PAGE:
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Lo primero que recuerdo es una imagen mia con mi abuelo , sentado en mi cama y leyendome un cuento antes de acostarme, a partir de ahi, casi casi puedo recordar cada periodo de mi vida. Mas o menos unos cuatro o cinco años.
Era una habitacion empapelada con ese tipo de papel que se llevaba antes , en colores amarillentos y dibujos geometricos. Una habitacion con una ventana que daba a un patio interior y dos camas. La mia estaba pegada a una pared y mi abuelo estaba sentado en mi cama contandome un cuento por la noche antes de irme a dormir.
The sun is shining through the Lounge window; it must be 12 o’clock as the light is so bright it nearly hurts. I stand in that very lit and defined window perimeter in total ecstasy, surrounded by millions of dust particles flowing and dancing in the sunbeams. The golden rain flows in slow motion around me and I somehow know that this torrent of microscopic gold nuggets is a secret treasure, a key plug in, that I must silently download and absorb through my skin.
After more than two weeks of thinking, I thing that my first image that anchored into my mind was an incident that happened in my first day in school when I was 6 years old. I was in the schoolyard running for a reason that I couldn’t remember. Suddenly, I fall on the schoolyard, which was made of asphalt and its color was black and lined with other colors like yellow and red. I remember that half of the building was light green and other half was darker horizontally. I remember that the image was the falling part. Most of my sight went to the ground and the rest went to the building. I believe there were some small trees near that building and the sky was blue.
One of my earliest childhood memories is of being whisked up into the arms of an older brother and taken outside into the backyard of the family home where we would sit atop the timber picnic style outdoor table and chat about anything. It didn’t matter what the topic was. Maybe my brother would point to some birds flying overhead, or we would laugh at the antics of the pet dog, or even look for Care Bears in the clouds. It didn’t matter. It was a distraction you see and I think even as a four or five year old I knew it, but it was easier just to pretend. Somewhere inside the house, usually in the kitchen or front living room, my mother would be on the floor, hysterical and unwilling or unable to pick herself up. My father and maybe another brother or two would take an arm or shoulder each, in an attempt to lift her up and escort her to her bedroom.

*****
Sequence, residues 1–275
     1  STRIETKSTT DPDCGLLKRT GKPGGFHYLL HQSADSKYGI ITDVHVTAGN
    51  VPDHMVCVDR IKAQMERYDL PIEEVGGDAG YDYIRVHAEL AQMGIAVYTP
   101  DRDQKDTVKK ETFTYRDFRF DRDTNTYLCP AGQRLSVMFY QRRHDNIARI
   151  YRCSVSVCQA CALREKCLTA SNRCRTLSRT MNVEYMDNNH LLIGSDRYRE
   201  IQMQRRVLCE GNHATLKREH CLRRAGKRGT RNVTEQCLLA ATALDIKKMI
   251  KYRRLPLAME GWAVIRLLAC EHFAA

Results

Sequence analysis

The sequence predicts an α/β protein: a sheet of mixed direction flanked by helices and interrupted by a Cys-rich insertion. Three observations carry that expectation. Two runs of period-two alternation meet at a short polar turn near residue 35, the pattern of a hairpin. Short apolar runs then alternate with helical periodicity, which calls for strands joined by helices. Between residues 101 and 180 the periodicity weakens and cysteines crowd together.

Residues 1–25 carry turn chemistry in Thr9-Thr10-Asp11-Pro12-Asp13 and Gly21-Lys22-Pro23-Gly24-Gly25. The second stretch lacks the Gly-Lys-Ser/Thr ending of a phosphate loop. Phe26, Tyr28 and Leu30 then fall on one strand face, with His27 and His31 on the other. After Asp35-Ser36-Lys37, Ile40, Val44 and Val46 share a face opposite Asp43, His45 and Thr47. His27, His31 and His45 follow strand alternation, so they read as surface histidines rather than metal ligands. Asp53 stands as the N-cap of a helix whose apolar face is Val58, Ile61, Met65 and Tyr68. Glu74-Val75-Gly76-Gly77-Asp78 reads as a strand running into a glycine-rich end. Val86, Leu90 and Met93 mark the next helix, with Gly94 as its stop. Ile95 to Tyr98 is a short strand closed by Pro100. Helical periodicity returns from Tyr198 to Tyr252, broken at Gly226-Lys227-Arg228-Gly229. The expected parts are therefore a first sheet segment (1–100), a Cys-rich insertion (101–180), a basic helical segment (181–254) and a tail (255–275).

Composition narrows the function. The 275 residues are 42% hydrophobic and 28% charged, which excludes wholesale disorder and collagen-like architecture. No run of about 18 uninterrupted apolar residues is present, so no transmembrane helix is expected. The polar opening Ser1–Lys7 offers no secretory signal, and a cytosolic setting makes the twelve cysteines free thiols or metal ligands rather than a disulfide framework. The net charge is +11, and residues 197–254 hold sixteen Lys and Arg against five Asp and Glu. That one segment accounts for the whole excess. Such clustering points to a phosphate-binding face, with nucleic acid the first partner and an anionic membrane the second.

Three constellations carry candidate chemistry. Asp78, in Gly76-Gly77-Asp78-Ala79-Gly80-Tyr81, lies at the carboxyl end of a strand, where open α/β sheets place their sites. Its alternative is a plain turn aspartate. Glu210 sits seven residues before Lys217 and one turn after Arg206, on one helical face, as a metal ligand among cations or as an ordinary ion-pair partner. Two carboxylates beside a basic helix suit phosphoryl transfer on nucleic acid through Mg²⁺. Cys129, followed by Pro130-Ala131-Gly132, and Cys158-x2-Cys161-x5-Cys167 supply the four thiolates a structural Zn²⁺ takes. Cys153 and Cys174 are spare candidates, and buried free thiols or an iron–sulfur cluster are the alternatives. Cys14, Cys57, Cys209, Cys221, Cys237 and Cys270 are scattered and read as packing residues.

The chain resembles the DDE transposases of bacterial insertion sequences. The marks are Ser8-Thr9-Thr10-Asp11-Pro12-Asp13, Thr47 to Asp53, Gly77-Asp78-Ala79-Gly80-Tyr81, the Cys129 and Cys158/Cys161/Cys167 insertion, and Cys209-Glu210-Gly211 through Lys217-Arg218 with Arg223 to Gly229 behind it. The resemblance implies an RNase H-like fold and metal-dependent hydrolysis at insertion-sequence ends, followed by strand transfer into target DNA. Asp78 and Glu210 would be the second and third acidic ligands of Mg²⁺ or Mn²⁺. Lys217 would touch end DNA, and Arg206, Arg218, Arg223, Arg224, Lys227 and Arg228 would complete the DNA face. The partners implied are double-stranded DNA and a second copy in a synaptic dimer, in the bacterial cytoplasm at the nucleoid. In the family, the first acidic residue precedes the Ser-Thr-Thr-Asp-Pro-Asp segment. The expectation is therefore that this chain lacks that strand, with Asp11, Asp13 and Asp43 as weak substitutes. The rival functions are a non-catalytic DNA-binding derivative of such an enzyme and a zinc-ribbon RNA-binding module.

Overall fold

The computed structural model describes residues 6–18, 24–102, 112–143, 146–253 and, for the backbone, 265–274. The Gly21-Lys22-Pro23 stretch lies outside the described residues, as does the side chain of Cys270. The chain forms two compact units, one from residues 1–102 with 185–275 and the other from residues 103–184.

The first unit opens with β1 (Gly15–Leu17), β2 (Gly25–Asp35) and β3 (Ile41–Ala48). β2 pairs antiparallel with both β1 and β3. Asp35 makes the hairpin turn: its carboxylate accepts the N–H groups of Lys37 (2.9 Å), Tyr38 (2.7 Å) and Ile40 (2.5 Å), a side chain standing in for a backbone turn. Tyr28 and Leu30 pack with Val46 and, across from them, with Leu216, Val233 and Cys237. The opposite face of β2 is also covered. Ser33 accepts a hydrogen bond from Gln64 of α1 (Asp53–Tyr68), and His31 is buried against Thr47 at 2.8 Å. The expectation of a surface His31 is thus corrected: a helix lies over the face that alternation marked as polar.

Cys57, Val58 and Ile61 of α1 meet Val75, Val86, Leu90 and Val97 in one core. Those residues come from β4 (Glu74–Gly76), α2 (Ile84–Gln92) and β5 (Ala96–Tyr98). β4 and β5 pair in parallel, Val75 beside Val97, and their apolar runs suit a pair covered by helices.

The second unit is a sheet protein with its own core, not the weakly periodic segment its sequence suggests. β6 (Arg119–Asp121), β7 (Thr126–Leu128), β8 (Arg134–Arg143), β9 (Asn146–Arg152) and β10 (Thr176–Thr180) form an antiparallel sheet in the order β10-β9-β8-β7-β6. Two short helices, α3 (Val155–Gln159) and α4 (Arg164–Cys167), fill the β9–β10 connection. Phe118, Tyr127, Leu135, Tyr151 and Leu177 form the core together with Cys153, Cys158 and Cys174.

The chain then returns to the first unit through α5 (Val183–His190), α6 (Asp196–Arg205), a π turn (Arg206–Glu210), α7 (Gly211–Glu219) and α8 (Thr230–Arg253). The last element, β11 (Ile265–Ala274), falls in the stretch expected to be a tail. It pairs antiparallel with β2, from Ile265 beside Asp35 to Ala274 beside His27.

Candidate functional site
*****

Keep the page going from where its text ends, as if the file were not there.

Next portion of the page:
Somehow, someone must have been delegated the responsibility of removing me from the scene. Considering I was seven to ten years or so younger than all my four brothers, I imagine they were accustomed to the drama but wanted to shield me from it. My memories of these instances present in quick, sharp snapshots, like the clicking frames of a camera; and usually at angles that just allow for a glimpse around the corner of the dining room wall or behind a kitchen bench, as I looked back over the shoulder of whoever was carrying me towards the back door. It was confusing and scary, but easier not to ask questions and seek out those Care Bears in the clouds instead.
I am two years old and am sitting on the shiny wooden floor wearing a soft yellow dress. My legs are stretched out before me as I watch my unaware father sitting near the open window. The white shear curtains desperately try to touch him but he is unaware of them as well. The sunlight has succeeded in wrapping itself around him but all he can see are his big shiny shoes. He is polishing them with such love, such focus. The big shiny boat shoes that will faerie him far, far away…